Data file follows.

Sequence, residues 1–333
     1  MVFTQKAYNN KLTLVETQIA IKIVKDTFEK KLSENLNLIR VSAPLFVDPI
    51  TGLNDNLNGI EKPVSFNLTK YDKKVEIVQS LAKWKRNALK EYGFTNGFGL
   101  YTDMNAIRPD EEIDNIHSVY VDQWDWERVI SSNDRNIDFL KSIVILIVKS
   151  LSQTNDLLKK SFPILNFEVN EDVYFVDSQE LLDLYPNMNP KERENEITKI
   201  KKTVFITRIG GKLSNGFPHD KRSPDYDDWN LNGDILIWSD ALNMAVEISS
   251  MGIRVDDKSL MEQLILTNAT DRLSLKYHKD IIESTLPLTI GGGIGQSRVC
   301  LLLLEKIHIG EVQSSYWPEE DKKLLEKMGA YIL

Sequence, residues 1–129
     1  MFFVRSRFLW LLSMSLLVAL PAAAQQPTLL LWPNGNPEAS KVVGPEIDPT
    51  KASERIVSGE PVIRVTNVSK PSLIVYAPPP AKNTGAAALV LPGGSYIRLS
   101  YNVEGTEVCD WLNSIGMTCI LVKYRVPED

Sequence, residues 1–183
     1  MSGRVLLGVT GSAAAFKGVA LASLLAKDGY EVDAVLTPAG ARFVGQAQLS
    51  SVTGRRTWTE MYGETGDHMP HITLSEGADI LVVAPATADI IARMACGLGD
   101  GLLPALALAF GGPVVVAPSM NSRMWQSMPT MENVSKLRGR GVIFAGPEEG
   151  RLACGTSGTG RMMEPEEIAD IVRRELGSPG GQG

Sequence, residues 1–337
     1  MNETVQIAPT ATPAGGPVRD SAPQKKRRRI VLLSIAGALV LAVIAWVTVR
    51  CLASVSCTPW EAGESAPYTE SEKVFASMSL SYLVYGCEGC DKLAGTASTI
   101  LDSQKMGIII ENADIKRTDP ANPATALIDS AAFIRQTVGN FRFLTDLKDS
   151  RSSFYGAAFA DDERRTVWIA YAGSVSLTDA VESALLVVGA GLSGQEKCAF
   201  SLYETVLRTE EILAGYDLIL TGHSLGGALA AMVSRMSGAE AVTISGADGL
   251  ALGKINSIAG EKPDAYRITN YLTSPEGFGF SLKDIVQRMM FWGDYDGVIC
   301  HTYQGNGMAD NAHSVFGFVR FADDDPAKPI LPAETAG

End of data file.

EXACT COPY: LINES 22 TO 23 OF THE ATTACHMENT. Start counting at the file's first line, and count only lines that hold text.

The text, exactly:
   151  RSSFYGAAFA DDERRTVWIA YAGSVSLTDA VESALLVVGA GLSGQEKCAF
   201  SLYETVLRTE EILAGYDLIL TGHSLGGALA AMVSRMSGAE AVTISGADGL